drvng wyl txtng >:(
The train accident in Los Angeles is a reminder of our responsibilities that come with technology. The engineer was texting during the time immediately leading to the accident, causing multiple tons of steel colliding. While most of us don’t drive a train, our cars are much more dangerous because they are free of tracks.
Technology has always fascinated us. We cannot wait to experience the latest gadgets available out there. Our enthusiasm towards these innovations is such because their use can make life easier. Furthermore, most of these devices allow us to do more within a relatively shorter period of time.
The cellular phone, in particular, is one technological wonder that most of us are obsessed with because it gives us the ability to communicate almost anywhere we are. There is that feeling of freedom, not being tied down with wires. At the same time there is also that feeling of accomplishment because we can connect while doing some other activity.
But this ability to multitask because the technology is there should be coupled with a sense of responsibility, most especially when life and limb are at stake.
Investigators in last week’s train crash in Los Angeles are looking at strong evidence that the engineer was texting while on board. The accident claimed the lives of 25 people, including the engineer’s. In response, California lawmakers are pushing to ban train operators from using cell phones while on duty.
In a recent online survey, almost 50% of young motorists admitted to texting while driving.
Still another survey, this time conducted across the U.S., revealed that at least 20% of adults text while behind the wheel. The figure is even higher for younger drivers. What is alarming, though, is that DWT or Driving While Texting is perfectly legal in most parts of the country.
Driving requires attention and focus. It involves working the pedals, gear shift, and steering wheel. There should be coordination between the eyes, hands and feet. So if someone is trying to do something else like texting while driving, then that person’s attention and focus are diverted. Coordination is disrupted and errors are most likely to be committed which could lead to an accident.
Around 80% of the information received and needed by a driver comes through his eyes. The person operating the vehicle should be able to see, not only straight ahead, but he must also take note of objects in his peripheral vision. The simple act of looking away from the road for a few seconds triples the risk of car crashes. This is because a lot can already happen during that small amount time.
As a driver looks back at the road ahead after reading a text message, his vision is most concentrated on what is directly in front of him. His eyes refocus and he might not be able to react quickly enough when, for example, a fast-moving vehicle approaching from the side crosses his path.
Loss of focus on the road ahead may lead to loss of control as well. Holding a cell phone in one or both hands, and trying to steer at the same time is a trick that a lot of drivers have mastered; or so they think. Some will say that it’s just like having cup of coffee while driving to work. But texting will have you punching the phone’s keypad too. Proper steering requires that you properly hold the wheel using a moderate grip, with both hands.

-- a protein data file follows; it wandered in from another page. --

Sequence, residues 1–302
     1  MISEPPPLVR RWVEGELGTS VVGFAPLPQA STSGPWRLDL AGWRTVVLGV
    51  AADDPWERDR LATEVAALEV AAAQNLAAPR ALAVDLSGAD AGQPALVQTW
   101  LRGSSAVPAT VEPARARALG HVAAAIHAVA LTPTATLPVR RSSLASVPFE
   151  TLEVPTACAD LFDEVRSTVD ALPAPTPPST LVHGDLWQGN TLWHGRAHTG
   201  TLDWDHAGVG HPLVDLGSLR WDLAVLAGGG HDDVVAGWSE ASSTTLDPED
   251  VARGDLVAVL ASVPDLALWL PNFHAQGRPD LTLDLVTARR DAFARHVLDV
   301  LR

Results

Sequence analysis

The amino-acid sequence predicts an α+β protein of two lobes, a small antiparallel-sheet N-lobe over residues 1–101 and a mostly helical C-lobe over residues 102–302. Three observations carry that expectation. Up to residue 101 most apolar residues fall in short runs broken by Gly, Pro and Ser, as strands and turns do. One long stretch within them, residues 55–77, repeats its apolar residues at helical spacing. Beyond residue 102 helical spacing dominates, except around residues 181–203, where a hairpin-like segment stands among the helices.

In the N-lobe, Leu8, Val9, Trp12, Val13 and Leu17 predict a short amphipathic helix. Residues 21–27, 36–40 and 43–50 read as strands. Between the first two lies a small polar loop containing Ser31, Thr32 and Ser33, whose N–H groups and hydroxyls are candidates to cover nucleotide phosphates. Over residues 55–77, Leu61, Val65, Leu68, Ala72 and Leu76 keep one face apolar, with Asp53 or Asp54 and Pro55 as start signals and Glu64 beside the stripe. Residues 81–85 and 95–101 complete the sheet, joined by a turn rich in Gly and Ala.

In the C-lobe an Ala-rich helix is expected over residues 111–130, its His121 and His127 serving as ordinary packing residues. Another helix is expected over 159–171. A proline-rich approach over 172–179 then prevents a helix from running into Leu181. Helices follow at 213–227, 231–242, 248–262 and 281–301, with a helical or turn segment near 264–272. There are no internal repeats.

In unexpected situations when changing direction, shifting gears, slowing down, or coming to a full stop is required, full control is important. A driver going 20 mph while texting might not be able to swerve or stop in time when a pedestrian crosses the street a few meters in front of him.
Text messaging is only an alternative to calling. Keep this in mind when you’re driving and get a text message. It would be a good idea to tell family, friends and acquaintances that, if their message is important enough, then they should call you instead of just texting. As regards voice calls when driving, most modern cell phones now have a hands-free feature. Use it.
As of July this year in the state of California, talking on your cell phone while driving is considered illegal unless you use a hands-free kit.
If you absolutely have to read that text message, take advantage of traffic stops. At red lights, put the car in neutral and apply the handbrake. Or just pull over in a safe area to read your messages.
If you’re driving with someone, let them read the message to you. You can also have the other person type and send the text reply for you.
The need for connectivity has always existed. Because of technology, that need has continually been addressed. Similarly, because technology is there, we feel the need to use it, to connect more often so as to take advantage of every available innovation. The two seem to be feeding on one another. But in these modern times when technology allows us to multitask, it would be good to have a dose of common sense and discipline above everything else.